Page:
Right now, the situation is: too much discussion, not enough action. The government, per se, cannot produce quality engineers. But it can ensure better quality engineering education. The government can run campaigns in schools to spread awareness. Children should know what prospects they have in any field. Here, they decide they have to go for engineering, and start going to coaching classes when they don’t even know what engineering is, and whether it is good or bad for them. The engineering curriculum has to be revised more often. We do it once in 10 years. Technology becomes outdated in two years. So the review of the education system has to be done, and delivery mechanisms also need to be updated. Engineering teachers also must undergo special courses. They should learn what is happening in the field at the national and international level. You cannot have good engineering education without good quality teachers.

pranita@governancenow.com

(The interview appears in June 30, 2017 edition)

Comments

 

Other News

Many roles of civil society during pandemic

The union government enforced a nationwide lockdown on March 25, 2020 to curb the spread of coronavirus as it was causing large-scale infection and disease. Challenges of pandemic management and levels of distress were revealed during this time. The fear of Covid spread like wildfire and a

Thackeray launches three fast-track DNA units under Nirbhaya scheme

Maharashtra chief minister Uddhav Thackeray has launched three state-of-the-art human DNA units under the Nirbhaya Scheme for efficiency in criminal investigations. A wildlife DNA unit in Nagpur makes Maharashtra the country’s first state to have a forensic testing lab for animals.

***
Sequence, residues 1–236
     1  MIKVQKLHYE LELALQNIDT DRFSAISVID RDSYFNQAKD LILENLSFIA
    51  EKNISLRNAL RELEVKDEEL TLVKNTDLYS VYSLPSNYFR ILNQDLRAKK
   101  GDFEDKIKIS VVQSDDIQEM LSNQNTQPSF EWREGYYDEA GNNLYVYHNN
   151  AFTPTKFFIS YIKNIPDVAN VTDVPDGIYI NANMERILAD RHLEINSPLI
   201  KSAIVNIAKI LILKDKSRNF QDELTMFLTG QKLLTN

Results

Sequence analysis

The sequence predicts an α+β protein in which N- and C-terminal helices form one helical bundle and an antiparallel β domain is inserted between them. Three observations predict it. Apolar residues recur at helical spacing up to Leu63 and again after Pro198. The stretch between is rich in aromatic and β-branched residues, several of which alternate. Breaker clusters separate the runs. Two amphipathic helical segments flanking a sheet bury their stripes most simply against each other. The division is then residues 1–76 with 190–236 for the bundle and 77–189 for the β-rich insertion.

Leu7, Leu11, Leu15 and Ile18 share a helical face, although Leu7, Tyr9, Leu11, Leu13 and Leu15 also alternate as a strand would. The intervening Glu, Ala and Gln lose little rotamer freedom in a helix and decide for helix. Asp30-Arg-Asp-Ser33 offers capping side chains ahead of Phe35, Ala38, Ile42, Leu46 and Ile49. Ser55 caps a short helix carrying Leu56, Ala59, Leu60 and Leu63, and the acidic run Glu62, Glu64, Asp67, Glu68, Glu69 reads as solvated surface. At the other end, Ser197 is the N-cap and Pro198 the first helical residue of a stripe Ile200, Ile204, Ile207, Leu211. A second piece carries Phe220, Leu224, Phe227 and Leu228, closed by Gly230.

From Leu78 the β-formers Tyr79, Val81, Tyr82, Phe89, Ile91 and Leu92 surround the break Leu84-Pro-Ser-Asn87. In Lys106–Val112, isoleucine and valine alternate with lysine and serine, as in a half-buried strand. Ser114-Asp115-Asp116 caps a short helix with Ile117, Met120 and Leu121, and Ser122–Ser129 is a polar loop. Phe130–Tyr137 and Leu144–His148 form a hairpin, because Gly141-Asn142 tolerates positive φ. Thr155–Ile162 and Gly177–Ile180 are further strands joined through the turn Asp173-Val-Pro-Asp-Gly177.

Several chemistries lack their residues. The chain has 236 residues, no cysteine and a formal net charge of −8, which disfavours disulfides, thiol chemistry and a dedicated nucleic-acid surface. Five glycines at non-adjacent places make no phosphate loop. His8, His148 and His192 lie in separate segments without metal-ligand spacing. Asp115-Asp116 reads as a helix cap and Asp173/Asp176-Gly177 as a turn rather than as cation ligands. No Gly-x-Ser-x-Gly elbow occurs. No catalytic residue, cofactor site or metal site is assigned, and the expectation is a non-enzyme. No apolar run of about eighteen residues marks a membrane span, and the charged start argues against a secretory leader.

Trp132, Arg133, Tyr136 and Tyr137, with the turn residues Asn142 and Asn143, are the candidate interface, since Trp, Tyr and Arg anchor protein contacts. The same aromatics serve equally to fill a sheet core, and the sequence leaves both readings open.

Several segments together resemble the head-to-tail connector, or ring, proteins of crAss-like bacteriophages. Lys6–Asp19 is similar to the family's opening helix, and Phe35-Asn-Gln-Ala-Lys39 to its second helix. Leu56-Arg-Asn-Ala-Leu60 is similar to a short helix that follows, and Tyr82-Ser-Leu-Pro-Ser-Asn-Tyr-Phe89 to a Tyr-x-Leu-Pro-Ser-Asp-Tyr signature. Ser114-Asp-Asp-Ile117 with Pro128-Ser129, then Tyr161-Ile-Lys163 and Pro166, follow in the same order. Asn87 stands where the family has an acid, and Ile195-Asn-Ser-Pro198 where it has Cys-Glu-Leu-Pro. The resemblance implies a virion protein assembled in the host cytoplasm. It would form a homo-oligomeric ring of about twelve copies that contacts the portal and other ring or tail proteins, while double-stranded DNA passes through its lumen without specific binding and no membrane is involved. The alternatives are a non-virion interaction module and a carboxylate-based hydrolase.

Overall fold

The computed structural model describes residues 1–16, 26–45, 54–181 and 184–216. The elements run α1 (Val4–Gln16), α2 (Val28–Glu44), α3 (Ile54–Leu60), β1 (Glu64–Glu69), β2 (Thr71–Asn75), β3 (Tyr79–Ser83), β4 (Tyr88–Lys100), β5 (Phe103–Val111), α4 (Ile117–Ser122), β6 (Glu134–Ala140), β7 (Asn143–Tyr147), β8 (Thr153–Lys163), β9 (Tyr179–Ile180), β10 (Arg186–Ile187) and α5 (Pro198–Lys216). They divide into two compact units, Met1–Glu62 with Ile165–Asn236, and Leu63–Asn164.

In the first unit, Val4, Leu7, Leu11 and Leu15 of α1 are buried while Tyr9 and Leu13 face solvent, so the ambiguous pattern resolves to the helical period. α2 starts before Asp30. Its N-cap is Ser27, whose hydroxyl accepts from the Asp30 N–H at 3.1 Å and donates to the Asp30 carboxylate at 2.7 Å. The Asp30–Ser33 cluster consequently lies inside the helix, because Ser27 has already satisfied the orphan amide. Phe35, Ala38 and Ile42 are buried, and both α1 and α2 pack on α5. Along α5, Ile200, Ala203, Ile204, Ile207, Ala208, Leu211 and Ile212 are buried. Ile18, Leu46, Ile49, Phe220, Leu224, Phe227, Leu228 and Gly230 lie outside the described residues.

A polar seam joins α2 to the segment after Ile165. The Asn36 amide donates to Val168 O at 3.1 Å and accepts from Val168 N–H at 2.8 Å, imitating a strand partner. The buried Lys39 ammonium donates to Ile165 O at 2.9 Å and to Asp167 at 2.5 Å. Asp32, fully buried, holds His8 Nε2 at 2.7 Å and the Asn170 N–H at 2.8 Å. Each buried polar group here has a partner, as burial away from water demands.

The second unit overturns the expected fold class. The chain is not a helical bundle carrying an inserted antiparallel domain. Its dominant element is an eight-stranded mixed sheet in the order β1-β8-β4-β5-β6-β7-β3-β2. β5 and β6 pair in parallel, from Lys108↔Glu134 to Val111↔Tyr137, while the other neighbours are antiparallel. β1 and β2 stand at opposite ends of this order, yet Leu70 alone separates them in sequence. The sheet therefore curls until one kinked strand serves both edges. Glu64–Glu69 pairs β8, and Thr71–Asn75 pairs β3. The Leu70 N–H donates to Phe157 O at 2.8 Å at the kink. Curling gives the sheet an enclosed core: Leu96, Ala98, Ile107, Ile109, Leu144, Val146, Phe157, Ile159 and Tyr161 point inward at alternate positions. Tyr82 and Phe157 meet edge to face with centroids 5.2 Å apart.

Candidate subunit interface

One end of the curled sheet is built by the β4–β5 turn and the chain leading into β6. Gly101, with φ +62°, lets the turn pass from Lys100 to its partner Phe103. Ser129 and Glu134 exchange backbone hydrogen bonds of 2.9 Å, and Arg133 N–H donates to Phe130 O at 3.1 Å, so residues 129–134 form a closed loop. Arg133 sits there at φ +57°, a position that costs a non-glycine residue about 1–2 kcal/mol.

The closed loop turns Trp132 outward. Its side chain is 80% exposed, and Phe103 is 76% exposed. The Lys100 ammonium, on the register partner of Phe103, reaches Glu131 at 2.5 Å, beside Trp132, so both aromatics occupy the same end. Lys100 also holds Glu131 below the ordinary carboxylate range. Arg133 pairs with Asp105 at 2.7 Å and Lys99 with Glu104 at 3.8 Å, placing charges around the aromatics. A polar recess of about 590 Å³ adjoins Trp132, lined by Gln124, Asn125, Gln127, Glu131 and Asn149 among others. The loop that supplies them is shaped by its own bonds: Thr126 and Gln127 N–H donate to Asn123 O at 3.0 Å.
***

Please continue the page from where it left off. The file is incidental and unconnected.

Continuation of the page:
How foreign policy has been Modi’s focus right from the start

The Midway Battle: Modi’s Roller-coaster Second Term By Gautam Chintamani Bloomsbury / 400 pages / Rs 699 Gautam Chintamani, a film historian and author, has penned an in-depth chronicle of prime minister Narendra Modi’s second

Remove unauthorized constructions without pressure: Thackeray to BMC

Maharashtra chief minister Uddhav Thackeray has instructed the Mumbai civic authorities to take immediate action on unauthorized constructions on war footing. In a virtual meeting held on Wednesday, Thackeray said no illegal construction will be tolerated in Mumbai and called upon the BMC to

Covid norms relaxed; Mumbai restaurants, shops to remain open longer

After extending timings of shops and restaurants as well as the reopening of cinema halls and theatres under specified SOPs from October 22, in view of the festive cheer, the Maharashtra government has allowed restaurants and eateries to remain open till 12AM and shops and establishments to function till 1

Global Hunger Index data collection flawed: Arvind Panagariya

Rubbishing the recently released Global Hunger Index 2021, wherein India has slipped to 101 position to be placed below Pakistan, Nepal and Bangladesh, Arvind Panagariya, professor of economics at Columbia University and former vice chairman, NITI Aayog, has said that data collection and methodologies used

Visionary Talk with Dr Arvind Panagariya, Professor, Columbia University & Former VC, NITI Aayog



Archives

Current Issue

Opinion

Facebook    Twitter    Google Plus    Linkedin    Subscribe Newsletter

Twitter